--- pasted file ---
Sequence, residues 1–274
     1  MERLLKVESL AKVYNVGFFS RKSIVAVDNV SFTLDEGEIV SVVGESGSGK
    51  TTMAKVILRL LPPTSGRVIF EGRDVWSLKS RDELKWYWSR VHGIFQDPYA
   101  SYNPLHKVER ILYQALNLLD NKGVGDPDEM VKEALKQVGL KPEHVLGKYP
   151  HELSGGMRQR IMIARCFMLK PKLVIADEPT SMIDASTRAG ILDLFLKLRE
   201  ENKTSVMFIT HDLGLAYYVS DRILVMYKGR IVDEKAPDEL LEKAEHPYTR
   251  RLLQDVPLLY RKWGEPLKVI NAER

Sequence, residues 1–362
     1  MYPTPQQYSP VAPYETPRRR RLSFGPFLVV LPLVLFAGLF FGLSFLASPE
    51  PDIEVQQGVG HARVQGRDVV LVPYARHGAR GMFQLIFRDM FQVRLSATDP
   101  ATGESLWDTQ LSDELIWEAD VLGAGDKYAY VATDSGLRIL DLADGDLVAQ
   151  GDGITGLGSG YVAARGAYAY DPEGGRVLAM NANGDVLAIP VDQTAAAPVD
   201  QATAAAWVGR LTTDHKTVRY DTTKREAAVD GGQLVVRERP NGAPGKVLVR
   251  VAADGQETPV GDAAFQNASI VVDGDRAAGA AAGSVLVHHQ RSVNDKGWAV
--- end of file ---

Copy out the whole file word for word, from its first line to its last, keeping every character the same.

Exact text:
Sequence, residues 1–274
     1  MERLLKVESL AKVYNVGFFS RKSIVAVDNV SFTLDEGEIV SVVGESGSGK
    51  TTMAKVILRL LPPTSGRVIF EGRDVWSLKS RDELKWYWSR VHGIFQDPYA
   101  SYNPLHKVER ILYQALNLLD NKGVGDPDEM VKEALKQVGL KPEHVLGKYP
   151  HELSGGMRQR IMIARCFMLK PKLVIADEPT SMIDASTRAG ILDLFLKLRE
   201  ENKTSVMFIT HDLGLAYYVS DRILVMYKGR IVDEKAPDEL LEKAEHPYTR
   251  RLLQDVPLLY RKWGEPLKVI NAER

Sequence, residues 1–362
     1  MYPTPQQYSP VAPYETPRRR RLSFGPFLVV LPLVLFAGLF FGLSFLASPE
    51  PDIEVQQGVG HARVQGRDVV LVPYARHGAR GMFQLIFRDM FQVRLSATDP
   101  ATGESLWDTQ LSDELIWEAD VLGAGDKYAY VATDSGLRIL DLADGDLVAQ
   151  GDGITGLGSG YVAARGAYAY DPEGGRVLAM NANGDVLAIP VDQTAAAPVD
   201  QATAAAWVGR LTTDHKTVRY DTTKREAAVD GGQLVVRERP NGAPGKVLVR
   251  VAADGQETPV GDAAFQNASI VVDGDRAAGA AAGSVLVHHQ RSVNDKGWAV